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Homesick | What to Do When You Feel Blue

The words “exciting” and “adventure” have become synonymous with travel, but what do you do when you start to feel homesick on the road? It’s okay to admit it, even on a website like this, filled to the brim with the words “exciting” and “adventure”; somedays I wake up missing my own bed, Sidecar Doughnuts, and the people I love.

It’s been about 3 months since we ended our apartment lease, put all our belongings in storage, and started living on the road. During this time, I’ve seen some of the most beautiful places I’ve ever seen in my life, met some wonderful fellow travelers, and have been lucky enough to get to share all of it with my best friend and love of my life, my husband. Even with him by my side, there have still been a few days here and there where I’ve woken up  feeling blue and missing a familiar face. Here are a few things that have helped me, and hopefully will encourage any other travelers who are feeling homesick.

1. Write Postcards– I know, I know, why waist time buying, writing, and mailing a postcard when there’s facebook, email, and instagram? But there’s something deeply cathartic about slowing down and handwriting a message. Think of one person and look around. What would they like about the city you’re in? Is there something there a hike or restaurant nearby that reminds you of them? Write it out. The day I walked to the post-office with a pile of filled out post-cards in hand made my heart feel much lighter and turned my day around.

2. See Them– Whether you have FaceTime on your phone, or use Skype on your computer, there are so many ways to still see and hear loved ones on the go. Set up a semi-weekly time to chat, brew a cup of your favorite coffee, and settle down for an hour of catching-up. I have a dear friend who has the cutest baby, and every time we FaceTimed she would put her daughter on the screen. It was impossible to be sad with those big kissable cheeks and cute face staring back at me.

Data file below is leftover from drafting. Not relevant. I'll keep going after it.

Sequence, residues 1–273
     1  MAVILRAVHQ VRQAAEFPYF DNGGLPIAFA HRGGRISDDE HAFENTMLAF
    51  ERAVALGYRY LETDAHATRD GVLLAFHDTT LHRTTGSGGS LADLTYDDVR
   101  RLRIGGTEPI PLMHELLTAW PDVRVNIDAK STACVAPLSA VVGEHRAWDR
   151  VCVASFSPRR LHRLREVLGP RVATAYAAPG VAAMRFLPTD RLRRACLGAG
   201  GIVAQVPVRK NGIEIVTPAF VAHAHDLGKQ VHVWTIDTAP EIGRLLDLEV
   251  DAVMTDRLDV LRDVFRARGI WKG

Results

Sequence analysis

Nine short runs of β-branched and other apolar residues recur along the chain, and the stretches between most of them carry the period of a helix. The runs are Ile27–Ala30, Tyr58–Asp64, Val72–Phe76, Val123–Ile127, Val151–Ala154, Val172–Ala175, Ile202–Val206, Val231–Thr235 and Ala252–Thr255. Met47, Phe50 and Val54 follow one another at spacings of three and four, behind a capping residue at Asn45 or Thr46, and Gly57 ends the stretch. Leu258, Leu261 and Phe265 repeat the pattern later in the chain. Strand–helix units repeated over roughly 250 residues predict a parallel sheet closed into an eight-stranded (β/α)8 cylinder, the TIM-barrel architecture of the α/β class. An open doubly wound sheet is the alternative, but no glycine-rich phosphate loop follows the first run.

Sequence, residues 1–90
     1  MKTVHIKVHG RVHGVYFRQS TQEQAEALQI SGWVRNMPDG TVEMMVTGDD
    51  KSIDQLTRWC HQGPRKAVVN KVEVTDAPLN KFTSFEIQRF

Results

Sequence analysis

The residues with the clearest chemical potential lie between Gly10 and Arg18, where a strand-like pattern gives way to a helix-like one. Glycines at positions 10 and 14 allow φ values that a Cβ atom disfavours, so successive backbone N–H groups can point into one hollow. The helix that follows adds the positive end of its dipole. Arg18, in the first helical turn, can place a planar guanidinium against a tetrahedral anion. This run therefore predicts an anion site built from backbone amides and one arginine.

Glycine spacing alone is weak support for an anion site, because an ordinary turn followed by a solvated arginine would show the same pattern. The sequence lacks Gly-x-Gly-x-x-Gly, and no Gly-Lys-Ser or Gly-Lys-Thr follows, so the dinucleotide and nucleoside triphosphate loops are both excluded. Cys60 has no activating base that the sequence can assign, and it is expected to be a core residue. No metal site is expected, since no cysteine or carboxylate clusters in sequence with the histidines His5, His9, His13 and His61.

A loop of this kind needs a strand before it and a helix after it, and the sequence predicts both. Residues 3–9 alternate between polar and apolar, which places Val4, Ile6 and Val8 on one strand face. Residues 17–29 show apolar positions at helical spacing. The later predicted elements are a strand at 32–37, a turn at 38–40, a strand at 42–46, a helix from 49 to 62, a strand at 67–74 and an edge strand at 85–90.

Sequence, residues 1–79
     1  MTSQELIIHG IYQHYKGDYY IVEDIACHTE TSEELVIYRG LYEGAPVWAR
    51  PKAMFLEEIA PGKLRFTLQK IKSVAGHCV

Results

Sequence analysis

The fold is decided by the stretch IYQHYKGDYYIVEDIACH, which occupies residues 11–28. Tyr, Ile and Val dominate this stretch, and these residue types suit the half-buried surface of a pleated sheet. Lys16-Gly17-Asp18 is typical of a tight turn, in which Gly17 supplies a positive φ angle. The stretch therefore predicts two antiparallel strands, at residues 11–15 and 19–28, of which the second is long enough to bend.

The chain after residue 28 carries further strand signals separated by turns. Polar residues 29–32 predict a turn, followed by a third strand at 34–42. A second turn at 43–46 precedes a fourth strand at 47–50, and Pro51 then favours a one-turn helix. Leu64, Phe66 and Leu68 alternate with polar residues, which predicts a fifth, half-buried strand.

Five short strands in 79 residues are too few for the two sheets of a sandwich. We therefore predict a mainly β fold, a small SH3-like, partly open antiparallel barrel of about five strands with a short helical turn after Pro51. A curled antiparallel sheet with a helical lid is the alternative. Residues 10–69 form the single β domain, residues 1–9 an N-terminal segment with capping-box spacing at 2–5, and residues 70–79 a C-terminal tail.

3. Branch Out– Meeting new people on the road can be a little hard sometimes. Talk to the locals and see what’s going on in the town. Is there live music anywhere this weekend? Where’s the best place to get a drink? Anytime Alex and I went to any city event, we tried to find at least one person we could get to know and talk to for a bit. If you’re an introvert, start small 🙂 Chat with the person bagging your groceries or the barista making your latte, that way you only have a few minutes to ask questions without feeling obligated to stay and talk longer.

4. Put Down Your Phone– My phone acts as a security blanket sometimes. Awkward situation? Pull out my phone. Feeling bored? Pull out my phone. Feeling happy? Pull out my phone. When I started to feel homesick, I made the mistake of going on Facebook and scrolling through my news-feed. Pictures of all my friends back home getting together and having fun made me even more sad. Many days I had to make the conscious choice to keep my phone in my closed purse instead of in my hand. Be present. Don’t let this traveling season pass you by because you were too caught up in what was going on back home. Embrace the silence of no new message alerts, and live in the moment.

 5. Do Your Hobbies– If you’re a creature of habit, you’ll find comfort in finding a new “normal” on the road. I packed my yoga mat and used yelp to find hot yoga studios in whatever city we were in. It felt so good to walk into a room and already know what to do. Keeping up your hobbies, whether it’s scrap-booking or hiking, will bring a little piece of home with you wherever you go.

6. Find Groups with Common Interests– Did you know that some mountain biking shops put together group rides and provide shuttles for a flat fee? All you have to do is call to sign up, pay a fee, and show up, it’s that easy. Alex and I also found a lot of comfort in going to church together since that’s something we would have done back home. Most churches will also usually have a mid-week gathering, so if you know your weekend is going to be packed with all-day hikes but you still want to attend a service this is a very convenient option.

Have you ever been homesick on the road? What did you do to change your situations? Let us know by typing a comment below, you never know who you might be helping 🙂

Never stop exploring,

Camille

Comments (1)

  • When I’m far from home, I think of you, and then, I am home again.

    Reply

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